“In addition to US persons, given broad enforcement of US sanctions laws by US authorities, even non-US persons chose, more and more often, out of precaution, to decide not to deal with US-sanctioned persons or entities. This includes many US and non-US banks, including the bank of the IOC, which refuses to make any payments to AIBA at the moment.”

In short, AIBA’s own actions have made it radioactive as far as the IOC is concerned.

“Insufficient safeguards to ensure sustainable and fair management of refereeing and judging”

AIBA is infamous for horrific gaffes in refereeing and judging and the report runs through the issues raised at the 2008-2012-2016 Olympic Games and even a problem in the assignment of referees and judges at the Youth Olympic Games in Buenos Aires in 2018.

Conclusion: “the IOC Inquiry Committee notes that AIBA has experienced consistent allegations related to refereeing and judging processes and decisions, which have caused long standing and ongoing concern for athletes. These allegations show that AIBA was unable to establish an effective firewall between the professional judges and referees on one hand and the AIBA political leadership and management on the other hand; thereby represented a significant risk for the IOC and the Olympic Movement.”

“Incapacity to renew the AIBA management team, in particular regarding the influence over the refereeing and judging”

In 2017, the IOC asked AIBA to change its leadership tean in view of the many challenges at the federation. Instead, former Executive Director Ho Kim (KOR) – dismissed in 2015 – was still receiving consulting payments in 2018. His replacement, Karim Bouzidi (FRA), was responsible for the disastrous 2016 Olympic boxing tournament, in which all 36 judges were removed from active service in October 2016. He was removed in 2017, but continued to attend AIBA events, with access to top officials, in 2018. Three more officials, including current Interim President Mohamed Moustahsane (MAR), who were deeply involved in the refereeing and judging in Rio, are still members of the AIBA Executive Committee or involved with refereeing administration.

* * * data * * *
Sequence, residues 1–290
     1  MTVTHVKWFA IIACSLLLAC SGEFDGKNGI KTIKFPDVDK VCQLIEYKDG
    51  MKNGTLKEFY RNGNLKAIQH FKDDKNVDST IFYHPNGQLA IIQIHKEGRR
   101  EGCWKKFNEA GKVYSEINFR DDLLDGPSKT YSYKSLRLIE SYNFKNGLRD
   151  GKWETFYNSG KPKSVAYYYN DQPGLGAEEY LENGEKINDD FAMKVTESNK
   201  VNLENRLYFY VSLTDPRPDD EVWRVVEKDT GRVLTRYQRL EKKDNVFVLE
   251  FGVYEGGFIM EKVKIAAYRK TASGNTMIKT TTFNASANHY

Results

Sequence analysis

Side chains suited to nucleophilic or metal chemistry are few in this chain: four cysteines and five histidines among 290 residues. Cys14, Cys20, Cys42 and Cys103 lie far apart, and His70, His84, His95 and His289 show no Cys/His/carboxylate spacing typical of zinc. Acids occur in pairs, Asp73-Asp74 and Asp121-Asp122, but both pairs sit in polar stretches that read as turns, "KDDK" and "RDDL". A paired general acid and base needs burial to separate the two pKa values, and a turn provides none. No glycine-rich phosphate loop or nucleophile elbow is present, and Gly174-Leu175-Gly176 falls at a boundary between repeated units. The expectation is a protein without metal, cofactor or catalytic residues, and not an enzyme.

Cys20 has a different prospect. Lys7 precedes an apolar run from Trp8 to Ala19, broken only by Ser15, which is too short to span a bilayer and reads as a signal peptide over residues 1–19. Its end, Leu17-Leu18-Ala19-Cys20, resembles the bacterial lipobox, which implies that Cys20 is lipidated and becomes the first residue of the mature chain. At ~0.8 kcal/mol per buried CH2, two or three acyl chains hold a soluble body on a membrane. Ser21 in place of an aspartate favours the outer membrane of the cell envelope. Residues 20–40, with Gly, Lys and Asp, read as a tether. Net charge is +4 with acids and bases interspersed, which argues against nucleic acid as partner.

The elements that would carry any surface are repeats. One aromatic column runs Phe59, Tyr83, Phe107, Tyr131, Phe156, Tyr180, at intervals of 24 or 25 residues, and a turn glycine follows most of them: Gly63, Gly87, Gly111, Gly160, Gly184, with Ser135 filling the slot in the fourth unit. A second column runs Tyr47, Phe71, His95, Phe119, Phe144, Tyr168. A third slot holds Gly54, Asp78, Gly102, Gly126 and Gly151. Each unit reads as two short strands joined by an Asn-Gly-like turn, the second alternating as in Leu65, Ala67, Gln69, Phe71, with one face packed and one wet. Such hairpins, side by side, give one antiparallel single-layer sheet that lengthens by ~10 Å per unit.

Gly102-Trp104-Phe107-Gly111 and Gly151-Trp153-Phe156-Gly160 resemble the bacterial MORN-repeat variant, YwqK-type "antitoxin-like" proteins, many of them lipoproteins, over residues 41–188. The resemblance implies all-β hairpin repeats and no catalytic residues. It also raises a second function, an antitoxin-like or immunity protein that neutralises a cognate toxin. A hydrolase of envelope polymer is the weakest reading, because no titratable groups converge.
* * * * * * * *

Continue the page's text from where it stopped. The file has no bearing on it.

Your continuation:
Conclusion: “[T]he IOC Inquiry Committee notices the incapacity of AIBA to effectively renew its leadership.”

“Over-indebtedness and impossibility to confirm going concern”

AIBA is, today, about CHF 17 million in debt (the Swiss Franc and U.S. Dollar are about equal in value at present). That amount could rise to CHF 29 million by mid-2021.

This crushing debt, and AIBA’s agreements to essentially turn over its operations to one of the creditors, troubled the Inquiry Committee greatly. It noted that any payments by the IOC to AIBA “will first have to be used to cover the existing debts. Thus, AIBA will not be able to use the money from sport for its original purpose, which is the development of sport and the support of the athletes” and “the IOC ultimately risks funding a financially unviable organisation that will remain at risk of failing.”

All of this contributed to the recommendation that AIBA’s suspension be continued until it can fix these issues, and in the meantime, the IOC should organize the 2020 Olympic boxing tournament.

AIBA’s suspension by the IOC is not final, and most be confirmed by the entire IOC at its general meeting (called a “Session”) in late June in Lausanne (SUI). But there seems little doubt that the action will be confirmed and AIBA will find itself in the cold through the 2020 Games.

It has a difficult road ahead of it. Even if it was able to wean itself off of its many bad practices (and people), how it will reorganize its finances is hard to fathom. As it is no longer the owner of the qualifying process for Olympic boxing, its World Championships – its primary qualifying competitions – may be essentially worthless.

It might be possible for one of the professional boxing organizations – the World Boxing Council, World Boxing Association or International Boxing Federation – to take over AIBA and make an agreement for future management satisfactory to the IOC. But pro boxing is hardly a bastion of credibility, honesty and reliability itself. And why would any of these groups wants to settle AIBA’s debts for an uncertain Olympic future?

From the IOC’s standpoint, the Inquiry Committee’s report demonstrates that under current chief Thomas Bach, the organization has no qualms about disciplining its “partners” in sport production. It has, in recent years, hammered the wrestling, weightlifting and biathlon federations into compliance with what it sees as proper governance and integrity.

Everyone has now been warned: if you want the IOC’s money, you have to play by its rules, including anti-doping, good governance and well-run competitions. Or else. Who will be next?

Rich Perelman